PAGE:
I have set up an incredible collection of learning opportunities for anyone looking into photographing birth. Check them out here: www.birthphotographyworkshops.com For a comprehensive look at the Birth Photography Shoot Checklist – check out this book: The Business of Birth Photography Book
I thought I’d share my birth shoot checklist with you. I have a few photographers following this blog along with my clients and other interested members. I’m spending a fair bit of time answering questions from aspiring birth photographers and intrigued individuals about what’s involved in my line of work. I think details like this are super useful because it not only gives other’s pursuing birth photography a starting point of what to shoot, but it also provides some insight into how involved the genre is. Being mindful of the process of birth, the intensity of emotions and natural sympathies that align, and then stitching it together with your own creative way of taking photographs is what makes birth photography a powerfully moving genre.
External Scene Setting – Hospital sign / Outside house.
Internal Placement – Ward sign / Birthing Room.
Abstract Story Telling – Relevant details and objects shot up close.
Obvious Story Telling – Placement of people within the room during labour.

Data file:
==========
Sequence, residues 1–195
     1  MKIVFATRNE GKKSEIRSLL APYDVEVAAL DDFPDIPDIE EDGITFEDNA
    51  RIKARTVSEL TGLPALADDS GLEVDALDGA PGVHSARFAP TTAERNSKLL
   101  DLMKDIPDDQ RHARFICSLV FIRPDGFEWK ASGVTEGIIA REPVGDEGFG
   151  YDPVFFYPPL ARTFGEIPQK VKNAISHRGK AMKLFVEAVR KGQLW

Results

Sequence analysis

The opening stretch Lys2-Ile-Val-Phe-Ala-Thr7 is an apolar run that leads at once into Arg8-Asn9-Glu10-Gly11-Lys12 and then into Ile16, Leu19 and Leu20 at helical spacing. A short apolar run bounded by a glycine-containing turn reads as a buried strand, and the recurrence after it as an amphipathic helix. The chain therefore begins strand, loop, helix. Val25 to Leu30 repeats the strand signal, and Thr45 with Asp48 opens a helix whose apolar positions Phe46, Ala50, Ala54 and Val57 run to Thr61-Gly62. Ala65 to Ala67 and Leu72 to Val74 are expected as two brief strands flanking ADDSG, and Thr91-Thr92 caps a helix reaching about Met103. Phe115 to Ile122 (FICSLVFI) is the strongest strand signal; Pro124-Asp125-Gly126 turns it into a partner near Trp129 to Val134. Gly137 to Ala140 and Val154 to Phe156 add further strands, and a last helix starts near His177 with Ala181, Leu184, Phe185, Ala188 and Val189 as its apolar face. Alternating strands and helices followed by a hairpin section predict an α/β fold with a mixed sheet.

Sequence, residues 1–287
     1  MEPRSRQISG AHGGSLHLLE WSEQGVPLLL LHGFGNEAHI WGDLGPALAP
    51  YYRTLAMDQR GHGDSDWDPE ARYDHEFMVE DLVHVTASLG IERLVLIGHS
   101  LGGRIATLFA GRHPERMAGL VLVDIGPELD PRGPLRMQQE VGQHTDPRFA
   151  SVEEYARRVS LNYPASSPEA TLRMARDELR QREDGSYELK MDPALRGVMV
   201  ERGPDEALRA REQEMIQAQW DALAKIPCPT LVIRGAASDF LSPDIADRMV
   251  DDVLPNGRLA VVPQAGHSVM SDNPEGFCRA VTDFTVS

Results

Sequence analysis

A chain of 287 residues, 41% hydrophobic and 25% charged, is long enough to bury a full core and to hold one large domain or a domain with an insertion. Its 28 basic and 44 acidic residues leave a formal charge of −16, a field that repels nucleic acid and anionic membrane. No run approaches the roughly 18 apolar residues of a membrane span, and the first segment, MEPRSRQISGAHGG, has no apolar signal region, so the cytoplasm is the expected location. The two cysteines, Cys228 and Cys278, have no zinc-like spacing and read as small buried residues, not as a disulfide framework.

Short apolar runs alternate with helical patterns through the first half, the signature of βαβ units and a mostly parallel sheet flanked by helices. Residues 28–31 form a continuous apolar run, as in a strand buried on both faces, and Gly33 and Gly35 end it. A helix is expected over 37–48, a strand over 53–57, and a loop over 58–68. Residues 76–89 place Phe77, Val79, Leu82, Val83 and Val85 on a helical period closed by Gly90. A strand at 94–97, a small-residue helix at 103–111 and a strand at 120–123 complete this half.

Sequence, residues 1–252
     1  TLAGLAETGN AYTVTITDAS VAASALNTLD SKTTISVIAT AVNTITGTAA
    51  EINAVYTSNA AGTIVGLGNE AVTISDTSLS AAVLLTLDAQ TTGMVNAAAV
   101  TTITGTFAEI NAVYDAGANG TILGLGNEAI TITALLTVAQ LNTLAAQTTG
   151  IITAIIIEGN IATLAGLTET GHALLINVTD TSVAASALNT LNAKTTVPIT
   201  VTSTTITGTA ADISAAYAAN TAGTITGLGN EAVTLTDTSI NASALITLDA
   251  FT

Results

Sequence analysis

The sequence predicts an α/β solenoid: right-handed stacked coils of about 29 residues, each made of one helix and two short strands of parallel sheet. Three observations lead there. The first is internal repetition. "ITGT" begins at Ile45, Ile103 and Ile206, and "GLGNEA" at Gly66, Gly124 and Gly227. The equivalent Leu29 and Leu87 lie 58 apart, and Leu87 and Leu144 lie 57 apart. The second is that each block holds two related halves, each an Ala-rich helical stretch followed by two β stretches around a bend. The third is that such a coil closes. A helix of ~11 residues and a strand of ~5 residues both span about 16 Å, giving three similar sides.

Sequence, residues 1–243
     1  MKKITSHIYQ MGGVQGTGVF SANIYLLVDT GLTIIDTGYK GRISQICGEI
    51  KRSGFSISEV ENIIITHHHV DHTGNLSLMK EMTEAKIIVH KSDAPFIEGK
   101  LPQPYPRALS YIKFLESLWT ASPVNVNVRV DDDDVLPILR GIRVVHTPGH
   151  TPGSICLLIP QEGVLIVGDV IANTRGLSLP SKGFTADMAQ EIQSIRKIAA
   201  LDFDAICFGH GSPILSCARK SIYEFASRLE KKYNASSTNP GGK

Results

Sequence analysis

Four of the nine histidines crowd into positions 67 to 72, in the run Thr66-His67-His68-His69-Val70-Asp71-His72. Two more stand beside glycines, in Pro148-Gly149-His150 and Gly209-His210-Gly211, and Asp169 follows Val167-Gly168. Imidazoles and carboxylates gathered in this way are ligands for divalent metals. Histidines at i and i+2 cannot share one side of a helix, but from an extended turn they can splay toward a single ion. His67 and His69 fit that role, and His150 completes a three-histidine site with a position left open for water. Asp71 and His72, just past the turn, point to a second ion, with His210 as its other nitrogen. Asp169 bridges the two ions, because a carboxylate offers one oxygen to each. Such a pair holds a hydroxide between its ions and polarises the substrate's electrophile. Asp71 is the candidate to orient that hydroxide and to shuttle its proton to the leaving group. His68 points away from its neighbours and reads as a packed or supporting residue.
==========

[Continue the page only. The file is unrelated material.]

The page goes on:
Emotional Story Telling – Relationship connections during labour.
Personal Moments – Individual portraits as they are consumed in their own moments.
Labour Aid – birth ball, tens, hand grips.
Midwife / Doula / OBG – Document their important role / handwriting / monitoring.
Pain – The peak of contractions.
Relief – The trough of contractions.
Crowning – The presentation of baby and pushing.
The Catch – The baby’s entry.
Birth Euphoria – The parent’s joy.
Third Stage – Mother’s expressions are unique.
Placenta – Tree of life.
Nursing – the first attempt latch.
Measurements – weight, length, head circumference.
Baby details – hands / feet / lips / nose / hair.
The look – Baby’s eyes locked onto camera / mum / dad.
Dad and Baby.
Mum and Baby.
Sibling / Support Person and Baby.
If you are interested in more birth photography tips, read more on Victoria’s blog for photographers – check out this post about How to Photograph a Hospital Birth! http://birthphotographyworkshops.com/2014/08/03/photographing-a-hospital-birth/